Let’s talk about mental health

The issue of suicide has come front and center recently in the Jaffrey-Rindge School District, as guidance counselors review their policies for dealing with “self-harm” behaviors and other mental-health signs. And more people, it seems, are opening up about the societal problem.

Last week, we reported on a School Board meeting where Conant High School Guidance Counselor Charles Langille presented updates in the district policy concerning response protocols for dealing with signs that a student may be intending to harm him- or herself. School Board Chair Daniel Whitney aptly pointed out, “Everyone likes to think this happens everywhere, but here. But it happens in the 532-, it happens in the 899- and it happens in the 924-. We have two options. We can be proactive or reactive, and reactive is far too late.”

The N.H. Suicide Prevention Council’s 2013 annual report states that suicide is the second leading cause of death in New Hampshire for those ages 15 to 34. Conant High School dealt with 12 incidents during the 2012-2013 school year that involved students who were reportedly struggling with potential suicidal thoughts and/or behaviors. And sadly that is only slightly below the state average for a high school of Conant’s size.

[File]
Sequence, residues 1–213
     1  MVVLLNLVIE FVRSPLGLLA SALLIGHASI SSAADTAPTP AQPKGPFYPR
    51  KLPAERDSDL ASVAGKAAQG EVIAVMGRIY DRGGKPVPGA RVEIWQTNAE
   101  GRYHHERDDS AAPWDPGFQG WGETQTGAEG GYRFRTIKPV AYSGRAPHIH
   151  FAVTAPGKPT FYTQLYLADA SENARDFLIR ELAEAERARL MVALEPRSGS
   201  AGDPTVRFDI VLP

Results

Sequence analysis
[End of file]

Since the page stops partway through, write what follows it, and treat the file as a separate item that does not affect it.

The problem is in detecting the signs, but we think the more people are willing to talk about the issue, the more prevention efforts will work. And so we would like to take this opportunity to thank the brave folks who have opened up about it in the last year or so, talking with our reporters.

In this issue, Francestown resident Cher Barker tell us about the memorial fund she started in her daughter Stephanie Joy Barker’s name. Stephanie took her own life in May 2013 at the age of 27. The lanterns are not only raising money to help a cause that was dear to Stephanie’s heart, Volunteer Kenya, but also spreading awareness about mental health issues. As Barker says, “Our whole society needs to deal with these things more openly.”

It used to be that people didn’t talk about suicides, many even paid coroners to change the cause of death so that surviving family members would not have to bare the shame. But what price has society paid in not talking about it is the question we need to ask ourselves. Wouldn’t we all be better off if we had a shared understanding of what to look for when someone appears to be struggling with depression?

Suicide isn’t an easy thing to talk about, we don’t deny that. And for some people, the need for privacy understandably outweighs all else. But we hope the trend in more openness about suicide will continue.

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